Black History Observance
Dr. Harry Hobbs, communications relations officer for the Huntsville Police Department, speaks during the 11th annual Black History Luncheon sponsored by the South Central Region Civilian Human Resources Agency.

REDSTONE ARSENAL, Ala. -- Dr. Harry Hobbs has a unique perspective of the African American experience.

His father was white, his mother was black and he grew up in a mostly black neighborhood in the 1960s in Louisville, Ky. "I learned to do two things quite well: run and fight," he said.

Hobbs, communications relations officer for the Huntsville Police Department, was the speaker for the 11th annual Black History Luncheon sponsored by the South Central Region Civilian Human Resources Agency. An estimated 150 people attended the event Feb. 23 in the Challenger Activity Center.

"African Americans and the Civil War" is this year's national theme for Black History Month in February.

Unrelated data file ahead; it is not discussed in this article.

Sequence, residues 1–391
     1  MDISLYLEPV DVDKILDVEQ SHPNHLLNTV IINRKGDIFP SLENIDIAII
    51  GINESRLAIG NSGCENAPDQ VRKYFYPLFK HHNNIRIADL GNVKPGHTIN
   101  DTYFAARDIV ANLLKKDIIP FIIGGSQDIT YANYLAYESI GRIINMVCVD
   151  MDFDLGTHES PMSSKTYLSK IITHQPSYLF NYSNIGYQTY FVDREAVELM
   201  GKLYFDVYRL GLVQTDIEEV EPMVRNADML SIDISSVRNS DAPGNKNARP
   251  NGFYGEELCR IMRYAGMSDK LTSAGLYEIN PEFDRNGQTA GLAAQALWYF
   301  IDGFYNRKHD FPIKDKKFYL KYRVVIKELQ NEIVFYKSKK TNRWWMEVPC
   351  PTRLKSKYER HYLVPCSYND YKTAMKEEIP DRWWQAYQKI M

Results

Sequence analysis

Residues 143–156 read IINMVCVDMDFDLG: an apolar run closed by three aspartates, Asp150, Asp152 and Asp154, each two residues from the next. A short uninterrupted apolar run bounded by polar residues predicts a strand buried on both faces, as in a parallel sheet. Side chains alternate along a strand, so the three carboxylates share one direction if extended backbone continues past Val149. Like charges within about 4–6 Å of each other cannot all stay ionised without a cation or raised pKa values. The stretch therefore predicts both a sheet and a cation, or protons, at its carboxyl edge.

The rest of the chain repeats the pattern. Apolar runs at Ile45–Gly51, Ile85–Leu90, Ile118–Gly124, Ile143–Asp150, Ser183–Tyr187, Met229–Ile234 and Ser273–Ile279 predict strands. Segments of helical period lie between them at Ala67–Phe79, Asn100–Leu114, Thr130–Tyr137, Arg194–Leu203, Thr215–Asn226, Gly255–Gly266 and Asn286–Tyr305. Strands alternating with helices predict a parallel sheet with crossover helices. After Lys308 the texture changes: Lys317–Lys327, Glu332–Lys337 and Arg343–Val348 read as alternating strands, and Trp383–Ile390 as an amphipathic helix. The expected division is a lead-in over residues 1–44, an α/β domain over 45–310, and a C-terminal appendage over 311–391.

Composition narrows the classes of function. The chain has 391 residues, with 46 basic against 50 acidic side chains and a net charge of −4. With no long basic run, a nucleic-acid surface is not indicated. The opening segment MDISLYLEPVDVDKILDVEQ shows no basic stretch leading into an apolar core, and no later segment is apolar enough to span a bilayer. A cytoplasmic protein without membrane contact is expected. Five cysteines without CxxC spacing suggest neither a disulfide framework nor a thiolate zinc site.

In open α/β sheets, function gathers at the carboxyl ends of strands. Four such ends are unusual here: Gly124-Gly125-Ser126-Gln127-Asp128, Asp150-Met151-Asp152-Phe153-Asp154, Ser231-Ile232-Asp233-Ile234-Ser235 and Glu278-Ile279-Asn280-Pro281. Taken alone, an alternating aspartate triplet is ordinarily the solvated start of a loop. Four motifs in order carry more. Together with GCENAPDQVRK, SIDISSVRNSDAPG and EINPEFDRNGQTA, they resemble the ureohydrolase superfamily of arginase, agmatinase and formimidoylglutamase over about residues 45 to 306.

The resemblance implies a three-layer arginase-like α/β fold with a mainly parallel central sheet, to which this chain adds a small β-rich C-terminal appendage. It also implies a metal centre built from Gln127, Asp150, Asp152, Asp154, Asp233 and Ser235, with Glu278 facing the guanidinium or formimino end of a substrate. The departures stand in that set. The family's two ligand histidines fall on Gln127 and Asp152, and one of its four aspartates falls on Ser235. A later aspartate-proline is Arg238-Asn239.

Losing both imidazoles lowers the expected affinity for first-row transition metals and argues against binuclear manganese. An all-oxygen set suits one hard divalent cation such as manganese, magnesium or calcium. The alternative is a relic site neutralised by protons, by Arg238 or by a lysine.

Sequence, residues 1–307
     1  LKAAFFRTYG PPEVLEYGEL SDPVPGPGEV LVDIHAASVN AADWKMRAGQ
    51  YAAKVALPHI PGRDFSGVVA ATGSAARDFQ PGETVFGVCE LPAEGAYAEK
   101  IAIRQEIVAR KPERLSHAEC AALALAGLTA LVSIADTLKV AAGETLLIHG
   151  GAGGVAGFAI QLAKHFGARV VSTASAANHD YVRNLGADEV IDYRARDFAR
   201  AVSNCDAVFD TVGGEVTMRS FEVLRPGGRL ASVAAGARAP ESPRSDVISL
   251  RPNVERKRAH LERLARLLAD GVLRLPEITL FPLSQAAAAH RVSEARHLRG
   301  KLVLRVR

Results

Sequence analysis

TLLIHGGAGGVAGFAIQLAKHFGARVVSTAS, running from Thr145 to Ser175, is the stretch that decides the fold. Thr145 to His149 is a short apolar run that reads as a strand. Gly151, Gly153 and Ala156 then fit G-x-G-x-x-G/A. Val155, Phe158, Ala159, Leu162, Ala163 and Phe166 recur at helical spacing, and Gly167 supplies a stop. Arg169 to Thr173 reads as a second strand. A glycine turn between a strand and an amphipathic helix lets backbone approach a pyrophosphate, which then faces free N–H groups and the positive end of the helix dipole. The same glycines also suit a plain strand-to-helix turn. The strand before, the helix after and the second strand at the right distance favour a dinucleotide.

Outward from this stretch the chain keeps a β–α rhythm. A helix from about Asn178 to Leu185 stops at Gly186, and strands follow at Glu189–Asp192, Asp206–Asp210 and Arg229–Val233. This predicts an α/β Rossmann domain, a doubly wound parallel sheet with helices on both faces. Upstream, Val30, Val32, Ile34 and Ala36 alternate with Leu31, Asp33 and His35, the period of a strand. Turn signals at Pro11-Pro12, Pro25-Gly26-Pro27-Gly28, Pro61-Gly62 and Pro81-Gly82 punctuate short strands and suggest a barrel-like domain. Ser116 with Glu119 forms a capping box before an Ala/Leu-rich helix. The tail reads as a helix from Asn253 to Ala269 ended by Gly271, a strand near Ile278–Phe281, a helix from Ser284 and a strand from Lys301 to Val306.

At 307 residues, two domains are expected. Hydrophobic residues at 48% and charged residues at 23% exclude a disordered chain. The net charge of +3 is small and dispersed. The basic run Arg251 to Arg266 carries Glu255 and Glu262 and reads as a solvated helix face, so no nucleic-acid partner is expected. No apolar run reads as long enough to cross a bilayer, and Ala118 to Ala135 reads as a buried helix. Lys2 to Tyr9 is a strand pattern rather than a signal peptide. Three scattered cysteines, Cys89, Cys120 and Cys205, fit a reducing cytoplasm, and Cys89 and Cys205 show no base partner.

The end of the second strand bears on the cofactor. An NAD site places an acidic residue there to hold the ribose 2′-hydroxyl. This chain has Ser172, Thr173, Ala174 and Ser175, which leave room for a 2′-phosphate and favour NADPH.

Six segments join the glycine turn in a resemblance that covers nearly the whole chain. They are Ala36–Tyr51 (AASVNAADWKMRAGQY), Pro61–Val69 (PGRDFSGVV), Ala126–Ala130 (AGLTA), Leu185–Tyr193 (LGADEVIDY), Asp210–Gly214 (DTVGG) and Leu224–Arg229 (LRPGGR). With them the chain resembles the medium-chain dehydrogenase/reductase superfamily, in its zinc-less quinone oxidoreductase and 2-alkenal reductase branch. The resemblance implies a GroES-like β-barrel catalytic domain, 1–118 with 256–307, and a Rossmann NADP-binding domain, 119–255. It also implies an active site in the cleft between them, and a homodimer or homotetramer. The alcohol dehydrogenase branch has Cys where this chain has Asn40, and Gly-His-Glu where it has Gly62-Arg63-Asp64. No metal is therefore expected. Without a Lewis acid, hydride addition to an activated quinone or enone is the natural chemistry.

Hobbs had an ancestor that fought with distinction for the Union Army during the Civil War. He described how black Soldiers contributed to the Union's victory.

"The military has always been the social experimentation ground for this society," said Hobbs, who retired in 2007 as a chief warrant officer 5 after 30 years service.

He related an incident from 1982 when he was a young Soldier in Alabama. A victim of vandalism, he was the target of racist remarks by a law enforcement officer who responded to his call. That officer is no longer in law enforcement.

Now, three decades later, Hobbs serves as Huntsville police department's spokesman. And both his daughters are members of the military.

A central thread in his personal testimony was this: Black history is part of American history. We're all in this together regardless of color or ethnicity. Now let's move on.

"Remember," Hobbs said, "it's because of our diversity that makes this country great."

Page last updated Mon March 7th, 2011 at 15:54